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Publisher Description

Increasingly, higher education is moving toward the full-scale usage of distance learning formats. Better information technology, growing demand, and increased education costs have resulted in universities not only offering many courses via distance education but in some cases whole curricula. These institutions can now choose from a variety of distance learning mediums such as online courses, compressed video/interactive television (ITV) and teleconferencing. Even graduate programs that in the past offered curricula exclusively through traditional, residential campus courses are moving toward various new modes of distance education as a way to provide alternative means of delivery to meet the needs of various student populations. One indicator of this trend comes from a poll of American colleges and universities that found over 22% offer distance education courses at the graduate level (National Center for Education Statistics, 2003). Indeed, some graduate programs are now offered exclusively through distance education formats. Regardless of the popularity of distance learning, these educational modes are not without detractors. Studies (Thomerson, 1995; Wheeler & Batchelder, 1996) suggest that weaknesses of distance education courses often stem from a lack of interaction, communication, and feedback between faculty and students (often called "teacher immediacy behaviors") (Mayzer & DeJong, 2003). Even interactive television (ITV), in which students and instructors converse in real time via television, which is thought to most closely mimic a traditional classroom setting (Andersen & Kent, 2000; Freddolino & Sutherland, 2000), has some element of disconnect. This lack of proximate face-to-face interaction is considered to be one of the major hurdles in distance education (Freitas, Myers, & Autegis, 1998; Forster & Washington, 2000). This is especially true where class formats tend to heavily emphasize discussion and seminar style interaction. [A recent (2008) survey conducted by the National Association of Schools of Public Affairs and Administration revealed that the primary "obstacle" to offering online courses is "lack of face-to-face contact."]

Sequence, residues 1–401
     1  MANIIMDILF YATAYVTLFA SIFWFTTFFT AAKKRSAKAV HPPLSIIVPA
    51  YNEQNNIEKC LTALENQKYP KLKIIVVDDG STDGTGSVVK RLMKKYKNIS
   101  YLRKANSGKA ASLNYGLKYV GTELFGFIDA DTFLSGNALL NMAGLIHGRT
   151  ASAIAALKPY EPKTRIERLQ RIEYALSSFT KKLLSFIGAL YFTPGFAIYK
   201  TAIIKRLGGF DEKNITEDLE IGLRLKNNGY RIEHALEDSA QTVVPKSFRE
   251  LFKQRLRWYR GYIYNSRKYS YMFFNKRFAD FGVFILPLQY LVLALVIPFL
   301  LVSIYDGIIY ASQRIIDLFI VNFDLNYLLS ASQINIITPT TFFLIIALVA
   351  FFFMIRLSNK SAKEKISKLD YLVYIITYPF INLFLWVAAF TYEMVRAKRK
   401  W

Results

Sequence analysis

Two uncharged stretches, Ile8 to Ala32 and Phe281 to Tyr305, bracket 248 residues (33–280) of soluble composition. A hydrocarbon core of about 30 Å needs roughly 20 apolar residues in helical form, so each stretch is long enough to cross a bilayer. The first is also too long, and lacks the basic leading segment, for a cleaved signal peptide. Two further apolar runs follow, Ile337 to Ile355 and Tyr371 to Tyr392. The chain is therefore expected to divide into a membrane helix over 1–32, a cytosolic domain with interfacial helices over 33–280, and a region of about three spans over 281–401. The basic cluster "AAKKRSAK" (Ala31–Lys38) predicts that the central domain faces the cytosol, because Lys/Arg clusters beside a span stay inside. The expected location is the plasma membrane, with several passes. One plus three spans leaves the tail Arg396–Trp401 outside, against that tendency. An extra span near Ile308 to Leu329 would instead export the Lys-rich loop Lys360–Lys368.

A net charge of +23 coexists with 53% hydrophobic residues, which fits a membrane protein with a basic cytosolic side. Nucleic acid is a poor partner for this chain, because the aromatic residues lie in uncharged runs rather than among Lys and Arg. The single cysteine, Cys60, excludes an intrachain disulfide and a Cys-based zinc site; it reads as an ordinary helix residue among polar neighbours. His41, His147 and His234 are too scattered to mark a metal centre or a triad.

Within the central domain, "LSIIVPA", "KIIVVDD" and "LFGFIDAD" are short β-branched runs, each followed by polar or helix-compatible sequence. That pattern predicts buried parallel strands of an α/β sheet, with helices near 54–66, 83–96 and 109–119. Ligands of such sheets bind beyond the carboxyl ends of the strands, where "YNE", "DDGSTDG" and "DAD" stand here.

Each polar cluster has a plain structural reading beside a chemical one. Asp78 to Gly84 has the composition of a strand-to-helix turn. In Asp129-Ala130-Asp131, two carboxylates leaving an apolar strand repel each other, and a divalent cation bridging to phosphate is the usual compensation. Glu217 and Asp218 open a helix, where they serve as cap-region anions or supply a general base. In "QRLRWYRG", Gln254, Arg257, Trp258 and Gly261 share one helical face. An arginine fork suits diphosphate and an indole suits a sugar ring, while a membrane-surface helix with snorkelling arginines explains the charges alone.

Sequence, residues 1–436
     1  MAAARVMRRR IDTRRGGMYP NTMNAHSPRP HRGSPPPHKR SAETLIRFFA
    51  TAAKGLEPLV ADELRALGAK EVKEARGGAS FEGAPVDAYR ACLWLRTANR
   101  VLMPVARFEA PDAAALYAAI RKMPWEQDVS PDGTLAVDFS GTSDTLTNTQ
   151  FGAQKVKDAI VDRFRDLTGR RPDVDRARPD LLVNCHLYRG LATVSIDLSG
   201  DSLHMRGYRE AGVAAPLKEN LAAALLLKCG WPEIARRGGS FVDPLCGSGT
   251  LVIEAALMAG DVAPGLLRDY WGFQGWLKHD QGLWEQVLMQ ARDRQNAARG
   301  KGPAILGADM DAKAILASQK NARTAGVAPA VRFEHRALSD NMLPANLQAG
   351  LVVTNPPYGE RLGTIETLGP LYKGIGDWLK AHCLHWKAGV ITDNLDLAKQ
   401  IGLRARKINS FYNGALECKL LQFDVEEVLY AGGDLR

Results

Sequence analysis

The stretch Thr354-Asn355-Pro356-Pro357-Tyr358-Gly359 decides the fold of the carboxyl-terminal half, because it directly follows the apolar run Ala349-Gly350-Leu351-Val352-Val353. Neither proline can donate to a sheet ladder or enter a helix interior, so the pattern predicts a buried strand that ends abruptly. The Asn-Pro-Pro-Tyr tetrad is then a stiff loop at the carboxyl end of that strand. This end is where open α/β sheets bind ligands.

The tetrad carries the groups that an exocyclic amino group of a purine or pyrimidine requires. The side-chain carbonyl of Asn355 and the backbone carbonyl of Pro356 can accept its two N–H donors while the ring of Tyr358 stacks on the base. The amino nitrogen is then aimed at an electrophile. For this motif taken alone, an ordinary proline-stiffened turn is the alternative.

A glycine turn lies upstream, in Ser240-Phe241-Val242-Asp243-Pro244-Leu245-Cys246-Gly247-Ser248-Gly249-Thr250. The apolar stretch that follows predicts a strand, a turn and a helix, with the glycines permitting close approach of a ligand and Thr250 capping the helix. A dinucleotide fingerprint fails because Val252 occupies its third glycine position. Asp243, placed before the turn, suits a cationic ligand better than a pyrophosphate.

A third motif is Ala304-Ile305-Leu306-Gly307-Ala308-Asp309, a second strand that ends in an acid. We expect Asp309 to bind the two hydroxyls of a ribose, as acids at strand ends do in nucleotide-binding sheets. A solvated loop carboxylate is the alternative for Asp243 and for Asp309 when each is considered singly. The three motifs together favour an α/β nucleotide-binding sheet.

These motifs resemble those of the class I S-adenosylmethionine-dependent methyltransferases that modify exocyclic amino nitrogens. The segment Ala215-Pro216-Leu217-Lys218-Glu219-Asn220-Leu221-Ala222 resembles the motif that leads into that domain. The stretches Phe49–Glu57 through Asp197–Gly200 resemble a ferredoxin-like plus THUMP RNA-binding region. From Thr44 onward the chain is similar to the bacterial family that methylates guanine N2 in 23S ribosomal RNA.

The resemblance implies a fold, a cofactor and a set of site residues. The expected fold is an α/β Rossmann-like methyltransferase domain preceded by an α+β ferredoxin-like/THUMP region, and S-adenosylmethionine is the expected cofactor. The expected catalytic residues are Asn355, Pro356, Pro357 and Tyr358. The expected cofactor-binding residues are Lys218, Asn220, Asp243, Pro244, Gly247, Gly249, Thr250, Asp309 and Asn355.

GENRE
Professional & Technical
RELEASED
2009
22 June
LANGUAGE
EN
English
LENGTH
27
Pages
PUBLISHER
Information Age Publishing, Inc.
SIZE
242.2
KB

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